Tough rules have been instituted for individuals wanting to attend President-elect Barack Obama's inauguration, forcing some to rethink their plans to come to the nation's capital on Jan. 20 for the historic oath of office of the nation's first black president.
Among other items, thermoses, coolers, silly string, backpacks and lawn chairs will be banned along the parade route. Those objects and strollers are also prohibited up on the Capitol, where Obama will be sworn into office at the West Front Capitol.
Officials say they are limiting the items to be brought in for safety reasons -- they don't want people bogged down if they need to clear an area.
"The more you bring, the more difficult it's going to make your movement," said Sgt. Robert LaChance, a spokesman for the U.S. Park Police, which patrols the National Mall.
For those 240,000 people with the up-close tickets, umbrellas and posters will also be forbidden on the Capitol grounds, though they will be permitted along the parade route. Signs or placards must be made of cardboard, poster board or cloth and not larger than 3 feet by 20 feet.
People with seats further out on the Mall will endure more lax rules, but alcohol is prohibited as are glass bottles and no tents will be allowed.
Of course, nowhere along the way will weapons, fireworks or pepper spray be allowed.
On the National Mall, people aren't required to have tickets though security will check them. The Secret Service is running security operations and hasn't said what the checks will entail.
"The ground rules for the Mall encourage the greatest number of participants and we've made it as welcoming as possible," said Kevin Griffis, a spokesman for the Presidential Inaugural Committee.
When asked if specific items such as canes, walkers, lighters, matches and diaper bags would be prohibited from the parade route and the Capitol, authorities said they didn't know yet.
D.C. officials and the National Park Service are expecting anywhere from 1 million to 3 million people for the inauguration. They say the inconvenience is a small price to pay to witness history in the making.
But some parenting blogs are abuzz with complaints about the less-than-kid-friendly restrictions.
"Of course, they're not going to say, 'no children,'" said Sunny Chanel, a San Francisco-based contributor to Babble.com, a parenting Web site. "But they're definitely not making it easy for parents with smaller children to go."
Antron Johnson, who's organizing an inauguration trip with three busloads of Obama supporters from Atlanta and Savannah, Ga., said he's had about a dozen people, mostly elderly, who dropped out after learning about the parade's no-chair policy.
Additionally, Johnson said seven people, including families with young children, recently backed out -- losing their deposits -- because they're afraid they won't be able to maneuver in big crowds.
Most people will be traveling to the city by bus or subway. Some estimates have suggested that if 1 million people try to ride the subway after the inauguration is over, it will take eight hours to move everyone, assuming everything runs smoothly. So area transportation officials are warning -- if you're coming, be prepared to walk a lot and wait even more.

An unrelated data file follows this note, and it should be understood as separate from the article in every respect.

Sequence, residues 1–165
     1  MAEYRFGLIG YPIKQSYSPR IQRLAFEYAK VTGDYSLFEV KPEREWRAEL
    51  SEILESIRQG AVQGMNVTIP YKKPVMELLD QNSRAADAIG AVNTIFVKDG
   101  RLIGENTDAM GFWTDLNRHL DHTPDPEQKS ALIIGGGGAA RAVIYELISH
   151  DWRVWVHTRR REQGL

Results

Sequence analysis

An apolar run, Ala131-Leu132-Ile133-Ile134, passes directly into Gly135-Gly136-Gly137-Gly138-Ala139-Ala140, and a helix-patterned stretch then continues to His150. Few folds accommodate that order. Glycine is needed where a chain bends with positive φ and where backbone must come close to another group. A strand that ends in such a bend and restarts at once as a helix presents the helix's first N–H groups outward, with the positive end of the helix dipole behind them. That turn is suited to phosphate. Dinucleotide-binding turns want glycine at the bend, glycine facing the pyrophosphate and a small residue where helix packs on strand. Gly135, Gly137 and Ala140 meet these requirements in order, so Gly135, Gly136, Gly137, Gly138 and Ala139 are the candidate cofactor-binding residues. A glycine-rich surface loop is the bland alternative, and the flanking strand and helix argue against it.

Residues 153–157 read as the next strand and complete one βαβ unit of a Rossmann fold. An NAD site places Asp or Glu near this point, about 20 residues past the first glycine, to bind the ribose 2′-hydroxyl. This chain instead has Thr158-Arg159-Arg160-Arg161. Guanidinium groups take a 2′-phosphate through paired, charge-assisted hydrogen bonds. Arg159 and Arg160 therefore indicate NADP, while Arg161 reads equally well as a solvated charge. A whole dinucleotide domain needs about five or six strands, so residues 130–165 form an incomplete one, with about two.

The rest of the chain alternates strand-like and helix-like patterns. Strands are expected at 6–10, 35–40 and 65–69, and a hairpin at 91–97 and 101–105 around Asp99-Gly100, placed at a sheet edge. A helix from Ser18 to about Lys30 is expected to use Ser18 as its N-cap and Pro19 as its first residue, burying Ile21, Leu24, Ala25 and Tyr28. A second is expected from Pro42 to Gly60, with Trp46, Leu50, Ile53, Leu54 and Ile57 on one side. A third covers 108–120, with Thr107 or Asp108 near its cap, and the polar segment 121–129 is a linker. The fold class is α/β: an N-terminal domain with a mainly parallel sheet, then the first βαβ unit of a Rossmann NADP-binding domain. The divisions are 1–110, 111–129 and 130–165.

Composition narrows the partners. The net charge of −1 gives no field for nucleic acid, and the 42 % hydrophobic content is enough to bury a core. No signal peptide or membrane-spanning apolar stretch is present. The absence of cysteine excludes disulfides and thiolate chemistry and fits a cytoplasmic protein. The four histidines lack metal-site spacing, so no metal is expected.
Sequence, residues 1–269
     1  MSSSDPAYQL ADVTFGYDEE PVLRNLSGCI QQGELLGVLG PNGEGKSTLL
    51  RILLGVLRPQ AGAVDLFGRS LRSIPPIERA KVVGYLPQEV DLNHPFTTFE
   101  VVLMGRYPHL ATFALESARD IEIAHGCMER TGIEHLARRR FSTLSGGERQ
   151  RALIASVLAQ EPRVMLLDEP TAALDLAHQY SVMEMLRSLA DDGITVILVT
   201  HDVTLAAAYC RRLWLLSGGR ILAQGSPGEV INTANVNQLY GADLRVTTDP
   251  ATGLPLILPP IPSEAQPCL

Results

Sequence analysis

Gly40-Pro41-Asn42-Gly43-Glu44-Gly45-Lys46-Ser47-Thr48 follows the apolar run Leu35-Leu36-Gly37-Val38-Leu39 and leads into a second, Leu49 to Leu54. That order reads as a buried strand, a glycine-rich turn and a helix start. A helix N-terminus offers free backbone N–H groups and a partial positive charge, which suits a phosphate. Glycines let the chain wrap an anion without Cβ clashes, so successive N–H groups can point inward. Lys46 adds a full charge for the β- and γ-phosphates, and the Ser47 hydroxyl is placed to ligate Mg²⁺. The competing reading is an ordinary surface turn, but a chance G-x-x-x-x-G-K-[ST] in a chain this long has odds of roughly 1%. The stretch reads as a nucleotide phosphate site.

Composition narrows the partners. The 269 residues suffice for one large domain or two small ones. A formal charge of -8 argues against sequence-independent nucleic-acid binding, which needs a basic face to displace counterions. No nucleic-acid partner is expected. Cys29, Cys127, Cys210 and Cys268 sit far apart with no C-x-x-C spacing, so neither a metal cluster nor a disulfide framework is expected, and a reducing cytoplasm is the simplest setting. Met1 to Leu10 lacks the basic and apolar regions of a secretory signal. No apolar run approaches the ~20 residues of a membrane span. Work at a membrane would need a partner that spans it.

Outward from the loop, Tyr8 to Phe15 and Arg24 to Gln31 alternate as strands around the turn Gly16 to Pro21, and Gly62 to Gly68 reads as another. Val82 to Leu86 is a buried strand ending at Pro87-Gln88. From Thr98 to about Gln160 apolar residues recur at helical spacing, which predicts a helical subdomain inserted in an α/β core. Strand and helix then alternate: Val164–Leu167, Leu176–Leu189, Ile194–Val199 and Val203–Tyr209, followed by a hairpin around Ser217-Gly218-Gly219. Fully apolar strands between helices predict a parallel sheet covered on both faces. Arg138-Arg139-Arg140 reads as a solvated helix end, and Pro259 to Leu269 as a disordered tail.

Metro service has already said it is charging rush hour rates for travel and bathrooms will be closed for security. The option left for parents wanting to change stinky diapers? Hundreds of porta-potties the transit system and park officials are providing downtown.
"It's truly scaring people," Johnson said. "The news is becoming more and more bleak."
Security will be tight in part because Obama has had more threats against him than any other president-elect in history. The inauguration has been designated a National Special Security Event, which means extra precautions will be taken.
In all, security will include 4,000 police officers from other jurisdictions. Thousands of National Guardsmen for crowd control, air patrols and sharp shooters. More than 5,000 surveillance cameras will have been set up along with metal detectors, snipers, bomb sniffing dogs and undercover cops.
Homeland Security Secretary Michael Chertoff said no credible evidence has been received to suggest that a major terrorist plan is in the works, but they are looking at every possibility.
"We're also looking at the possibility of a lone wolf. At that doesn't necessarily have to be a terrorist from Al Qaeda, it can be a right-wing, crazy nut who decides that they because of racism or some other reason they want to carry out an attack," he said.
While most people say they understand why some restrictions are needed, they're struggling with how to follow the rules and still function during such a large-scale event. Creativity may be key.
Lamar Tyler, of Waldorf, Md., who runs the Web site BlackAndMarriedWithKids.com with his wife, Ronnie, partnered with Orbitz to give away an "Inauguration Day survival pack" stuffed with a hat, Chapstick, gloves, wipes and small toys. If he ends up bringing his four kids, ages 10 months to 15 years, he may have to make his own pack.
"We're coming, but whether we bring the kids or not is still up in the air," he said.
Reena Johar, of Palo Alto, Calif., plans a trip to the Mall with the group she's leading from the West Coast. But she faces the backpack dilemma: If she carries one, no parade; if she doesn't, how will she carry water and snacks? Will plastic bags do?
"I'm very puzzled about the whole thing," she said. "We have to work this out ... This is a major challenge."
FOX News' Caroline Shively and The Associated Press contributed to this report.